When someone’s words or actions seem unreasonable, impolite, or even outrageous, it’s all too easy to write him off as Attila the Impossible. But you are more likely to get through to him if, instead of passing judgment, you ask yourself how he would have to view the situation in order to see his own actions, positions, opinions, etc. as reasonable.

If he behaved in a manner that he himself considered unreasonable, he’d be doing wrong by his own standards. As my readers know, feeling wrong is so stressful that people rarely do it to themselves. So, hard as it may be to believe, he most likely considers his words or actions reasonable. He sees the situation differently than you do in some way.

Perhaps he doesn’t know all the facts that you know, or he knows some that you don’t. Once I had arranged for a neighbor to pick me up after work so that we could go to a meeting together. Shortly before pickup time, I called her cell phone to say that I didn’t want to go to the meeting after all.

My friend replied, “But I’m on the Beltway!” She sounded so exasperated, so angry, I couldn’t understand it. It seemed unreasonable. Knowing now what I didn’t know then, I realize that she, in turn, must have thought I was frivolous, inconsiderate, and yes, unreasonable.

But knew in my heart that those words didn’t describe my friend. I kept thinking about her exact words, “But I’m on the Beltway!” The more I considered that statement, it seems strange. The Beltway runs through our neighborhood, and therefore, lies relatively close to her nearby workplace. But I couldn’t picture the Beltway connecting her workplace and home. At 1st I thought I might have been mistaken about exactly where she worked.

On further reflection, it hit me. I had forgotten that she told me she’d be working outside of her office that day, quite far from our neighborhood. No wonder she was exasperated when I decided I was too tired to go to the meeting after she had already driven thirty or forty minutes from downtown toward our suburb.

To make matters worse, the meeting was then still a third part of town. My neighbor could have saved herself a lot of time by heading straight to the meeting, but had made a big detour in order to pick me up. No wonder she was angry! She had facts, specifically a mental map, that I didn’t.

When friction arises from different sets of facts, that’s good news because such conflicts are usually easy to resolve once all the facts have been made known to both parties. Or, in my case, when one of them is reminded of facts she had forgotten.

In other situations, the other person might have rationalized himself into a position in order to avoid feeling wrong, his mind working so quickly that he was unaware of the rationalization process. However he arrived at the belief that his is reasonable, he holds that belief now. You don’t have to agree with him, but if you want to change his mind, you do have to know what’s on his mind at present.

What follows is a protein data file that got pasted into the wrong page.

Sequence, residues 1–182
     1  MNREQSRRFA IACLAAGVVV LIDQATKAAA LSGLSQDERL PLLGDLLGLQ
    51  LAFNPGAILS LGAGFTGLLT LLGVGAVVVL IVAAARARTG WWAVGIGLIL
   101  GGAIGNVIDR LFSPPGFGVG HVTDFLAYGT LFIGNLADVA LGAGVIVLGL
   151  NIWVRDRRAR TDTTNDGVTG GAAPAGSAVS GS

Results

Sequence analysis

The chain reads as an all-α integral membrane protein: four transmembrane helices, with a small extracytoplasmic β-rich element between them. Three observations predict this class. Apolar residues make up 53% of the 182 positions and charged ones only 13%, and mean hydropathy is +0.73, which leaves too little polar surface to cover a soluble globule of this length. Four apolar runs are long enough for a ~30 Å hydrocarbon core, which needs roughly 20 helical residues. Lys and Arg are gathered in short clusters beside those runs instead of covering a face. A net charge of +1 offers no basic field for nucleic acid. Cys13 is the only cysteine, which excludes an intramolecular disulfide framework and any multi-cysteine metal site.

You don’t have to agree with him, but if you want to change his mind, you do have to know what’s on his mind at present. Take a cool off break if you need it, then, ask yourself, “What could make that position reasonable?”

Suppose you and Biff are planning an outdoor festival for your organization. You suggest having different games for different age levels. Biff throws up his hands. “How in the world am I supposed to know what kinds of games all those different people would like?”

You feel dumbfounded. Biff seems to think you’re being unreasonable, when he’s the one off in left field. We’ve both raised children. If we know what kinds games they liked to play at different ages, why should other people’s children be any different? you wonder.

But you step back and ask yourself what would make his reaction reasonable. What kind of situation would leave him at sea over which games to provide for different groups? A situation where personal taste figures in, perhaps, or a situation where age doesn’t reveal much about preference. What kind of situation would produce that kind of dilemma?

One example would be different groups of adults. Wait a minute! We were talking about how some young adults find bingo boring. Maybe Biff thought I meant different games for different age levels of adults.

Now you can ask Biff, “What different age levels are you thinking of?” or “Did you think I meant different age levels of adults?” If it turns out that Biff was thinking of different age levels of adults, the problem is solved. If not, you’re no worse off than you were before. Now you can ask him to elaborate on the problems he envisions. Then, address those problems.

So your resolution for this month is, when someone gets your dander up, seems unreasonable, illogical, selfish, or whatever, before you write him off, ask yourself, “What could possibly make his statement (or action or position) seem reasonable to him?”

If you get a brainstorm, ask him a question to see if you were right. If you can’t think of anything that would make him reasonable, just ask him for clarification, and be sure to keep your own tone and choice of words polite and reasonable. You’ll be surprised what you may learn.

This article is adapted from Bridges to Consensus. You can read more about asking yourself what would make someone reasonable inCchapter 12.